44. The apparatus of claim 30 and wherein the calibration parameters include a selected initial operating mode in which a wheelchair commences operation upon power up.
45. The method of claim 12 wherein a storage device in communication with the display stores at least one of diagnostic information and fault codes, and wherein the portable storage media stores at least one of a master diagnostic information version and master fault codes version, and wherein a microcontroller comprises logic that can replace the stored diagnostic information with the master diagnostic information version if the master diagnostic information version is newer than the stored diagnostic information when the portable storage media is coupled to the microcontroller, and wherein the microcontroller comprises logic that can replace the stored fault codes with the master fault codes version if the master fault codes version is newer than the stored fault codes when the portable storage media is coupled to the microcontroller.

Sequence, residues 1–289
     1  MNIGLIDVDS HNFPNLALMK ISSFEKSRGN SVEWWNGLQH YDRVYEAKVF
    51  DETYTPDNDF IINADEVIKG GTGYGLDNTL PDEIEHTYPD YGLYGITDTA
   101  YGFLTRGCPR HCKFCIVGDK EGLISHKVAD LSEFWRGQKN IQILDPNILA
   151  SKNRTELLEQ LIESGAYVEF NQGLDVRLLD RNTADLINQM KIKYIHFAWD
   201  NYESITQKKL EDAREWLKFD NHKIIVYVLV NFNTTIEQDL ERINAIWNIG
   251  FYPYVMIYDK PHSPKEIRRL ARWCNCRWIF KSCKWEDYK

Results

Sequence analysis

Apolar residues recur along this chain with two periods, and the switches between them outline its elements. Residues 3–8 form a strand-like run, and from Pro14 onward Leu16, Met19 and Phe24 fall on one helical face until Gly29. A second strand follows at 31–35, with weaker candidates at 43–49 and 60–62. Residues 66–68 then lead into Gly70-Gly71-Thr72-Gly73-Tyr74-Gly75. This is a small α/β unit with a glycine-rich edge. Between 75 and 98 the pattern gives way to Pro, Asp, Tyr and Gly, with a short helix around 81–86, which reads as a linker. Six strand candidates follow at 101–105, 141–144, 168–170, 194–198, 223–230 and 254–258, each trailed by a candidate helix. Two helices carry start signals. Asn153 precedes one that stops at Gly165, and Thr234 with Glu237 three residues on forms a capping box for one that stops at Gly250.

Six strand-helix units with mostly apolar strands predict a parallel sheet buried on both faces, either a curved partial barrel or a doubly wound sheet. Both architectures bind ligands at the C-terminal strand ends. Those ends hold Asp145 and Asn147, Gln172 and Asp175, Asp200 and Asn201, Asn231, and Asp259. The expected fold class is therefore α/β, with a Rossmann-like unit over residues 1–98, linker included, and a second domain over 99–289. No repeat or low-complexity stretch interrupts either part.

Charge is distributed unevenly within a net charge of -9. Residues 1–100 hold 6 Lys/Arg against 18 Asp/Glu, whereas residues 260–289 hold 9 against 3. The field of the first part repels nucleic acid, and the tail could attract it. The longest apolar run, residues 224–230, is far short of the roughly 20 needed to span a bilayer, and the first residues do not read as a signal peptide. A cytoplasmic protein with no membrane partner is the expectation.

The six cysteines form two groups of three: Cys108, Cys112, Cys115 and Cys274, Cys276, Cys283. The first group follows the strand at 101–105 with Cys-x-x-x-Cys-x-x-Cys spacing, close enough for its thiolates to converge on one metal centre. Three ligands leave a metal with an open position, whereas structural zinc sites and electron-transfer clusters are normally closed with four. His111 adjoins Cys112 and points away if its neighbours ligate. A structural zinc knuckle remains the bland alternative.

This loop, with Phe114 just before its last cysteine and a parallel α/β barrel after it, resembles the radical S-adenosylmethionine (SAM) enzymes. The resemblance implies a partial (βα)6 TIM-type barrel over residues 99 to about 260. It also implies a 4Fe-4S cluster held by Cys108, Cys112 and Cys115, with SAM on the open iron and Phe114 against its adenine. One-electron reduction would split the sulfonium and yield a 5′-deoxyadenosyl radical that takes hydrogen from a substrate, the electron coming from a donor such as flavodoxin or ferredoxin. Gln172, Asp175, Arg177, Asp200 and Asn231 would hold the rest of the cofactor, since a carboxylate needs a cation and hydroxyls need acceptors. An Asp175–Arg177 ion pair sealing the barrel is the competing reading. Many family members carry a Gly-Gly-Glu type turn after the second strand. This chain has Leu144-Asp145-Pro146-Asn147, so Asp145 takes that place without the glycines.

46. The method of claim 12 wherein the display is associated with the system controller or a programmer, and wherein the portable storage media is configured to interface with system controllers and programmers, and wherein the portable storage media stores at least one of diagnostic information and fault codes for use by a plurality of system controllers and programmers.
47. The apparatus of claim 20 wherein the portable storage media is coupled to the system controller via a programmer coupled to the system controller, wherein the programmer includes a socket for accepting portable storage media, and wherein the portable storage media is configured to interface with a plurality of system controllers and programmers.